# Conducting hypothesis tests for a mean with raw data
This tutorial covers the steps for conducting one-sample hypothesis tests in StatCrunch. To begin, load the Apple Juice Bottles data set, which will be used throughout this tutorial. This data set comes from "Statistics: Informed Decisions Using Data" by Michael Sullivan. The Apple Juice (oz) column contains the amount in ounces in each of 22 bottles taken as a random sample from a manufacturer's assembly line. The filling machine is not precise which makes the amount of juice vary from bottle to bottle. This tutorial will cover using one-sample T methods for this raw data set with individual measurements. A very similar approach can be used for one-sample Z methods which are appropriate for large sample sizes and/or known standard deviation. To compute one-sample results using the sample mean, sample standard deviation and sample size, see Conducting hypothesis tests for a mean with summary data.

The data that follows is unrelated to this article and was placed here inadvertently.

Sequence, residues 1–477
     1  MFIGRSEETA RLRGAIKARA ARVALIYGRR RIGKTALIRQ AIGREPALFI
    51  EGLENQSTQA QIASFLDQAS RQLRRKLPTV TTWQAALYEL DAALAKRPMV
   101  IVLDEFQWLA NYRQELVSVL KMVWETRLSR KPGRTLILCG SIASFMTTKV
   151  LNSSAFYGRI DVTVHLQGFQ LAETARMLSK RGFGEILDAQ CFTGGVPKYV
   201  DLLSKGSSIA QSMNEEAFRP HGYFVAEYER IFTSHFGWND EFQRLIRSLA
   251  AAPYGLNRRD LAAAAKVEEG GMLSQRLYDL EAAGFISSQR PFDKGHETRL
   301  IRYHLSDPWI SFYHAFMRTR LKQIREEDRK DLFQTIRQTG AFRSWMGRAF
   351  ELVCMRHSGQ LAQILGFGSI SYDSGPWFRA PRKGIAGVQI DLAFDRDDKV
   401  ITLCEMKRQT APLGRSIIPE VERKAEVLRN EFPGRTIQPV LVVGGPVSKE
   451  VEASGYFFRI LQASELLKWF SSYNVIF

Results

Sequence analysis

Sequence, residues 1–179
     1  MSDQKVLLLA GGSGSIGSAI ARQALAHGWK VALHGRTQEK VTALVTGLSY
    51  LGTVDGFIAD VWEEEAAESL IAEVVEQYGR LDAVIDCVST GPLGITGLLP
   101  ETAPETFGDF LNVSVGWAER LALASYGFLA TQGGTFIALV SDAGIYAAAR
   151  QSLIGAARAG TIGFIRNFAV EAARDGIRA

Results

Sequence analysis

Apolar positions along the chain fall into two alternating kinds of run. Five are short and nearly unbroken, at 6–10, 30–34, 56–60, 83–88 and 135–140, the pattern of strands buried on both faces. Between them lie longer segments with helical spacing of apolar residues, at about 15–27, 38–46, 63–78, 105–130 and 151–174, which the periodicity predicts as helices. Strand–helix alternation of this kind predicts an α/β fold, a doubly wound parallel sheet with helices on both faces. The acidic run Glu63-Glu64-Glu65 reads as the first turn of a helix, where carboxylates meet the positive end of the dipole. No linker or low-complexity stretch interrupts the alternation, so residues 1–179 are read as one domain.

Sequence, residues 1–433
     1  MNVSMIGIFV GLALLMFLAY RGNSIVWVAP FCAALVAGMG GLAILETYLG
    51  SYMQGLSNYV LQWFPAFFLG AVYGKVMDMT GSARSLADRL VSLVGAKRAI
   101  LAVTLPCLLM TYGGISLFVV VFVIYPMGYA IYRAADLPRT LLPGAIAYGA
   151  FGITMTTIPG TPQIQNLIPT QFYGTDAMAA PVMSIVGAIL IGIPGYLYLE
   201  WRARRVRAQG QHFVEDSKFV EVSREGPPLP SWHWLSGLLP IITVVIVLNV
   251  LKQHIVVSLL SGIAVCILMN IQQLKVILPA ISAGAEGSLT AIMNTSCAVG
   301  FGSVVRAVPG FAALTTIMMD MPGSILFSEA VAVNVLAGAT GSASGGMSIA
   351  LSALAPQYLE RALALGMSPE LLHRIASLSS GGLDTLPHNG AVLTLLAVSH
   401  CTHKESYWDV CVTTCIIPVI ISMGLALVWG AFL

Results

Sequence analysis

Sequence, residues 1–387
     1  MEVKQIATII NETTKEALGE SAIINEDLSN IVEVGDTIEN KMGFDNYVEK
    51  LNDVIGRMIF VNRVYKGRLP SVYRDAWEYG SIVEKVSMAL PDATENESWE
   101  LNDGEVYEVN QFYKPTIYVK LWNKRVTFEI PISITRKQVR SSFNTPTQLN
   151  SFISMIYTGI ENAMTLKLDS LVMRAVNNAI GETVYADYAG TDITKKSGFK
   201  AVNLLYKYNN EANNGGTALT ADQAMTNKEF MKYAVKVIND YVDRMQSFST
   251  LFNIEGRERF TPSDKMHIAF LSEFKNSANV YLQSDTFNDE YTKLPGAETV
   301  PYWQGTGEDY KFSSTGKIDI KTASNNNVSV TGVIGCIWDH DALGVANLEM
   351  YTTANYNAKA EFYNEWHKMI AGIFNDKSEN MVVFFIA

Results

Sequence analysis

Performing a one-sample hypothesis test
Each bottle's label states it contains 64 ounces of apple juice. The manufacturer requires that the mean amount of juice per bottle to actually be 64.05 ounces in order to decrease the chance of a bottle being under the 64 ounce threshold by random chance. Given the manufacturers concern about under filling bottles, conduct a test to determine if the mean amount per bottle may be less than the target of 64.05 ounces. To compute the appropriate one-sample T hypothesis test results, choose the Stat > T Stats > One Sample > With Data menu option. Select the Apple Juice (oz) column. Under Perform, the Hypothesis test for μ is selected by default. Enter 64.05 for the null value of the population mean, μ. For this example, change the alternative hypothesis to < to test if the mean amount of apple juice in a bottle is actually lower than the 64.05 ounce standard. Click Compute! to view the hypothesis test results. The output table provides various statistics from this test including the test statistic and the P-value. Always Learning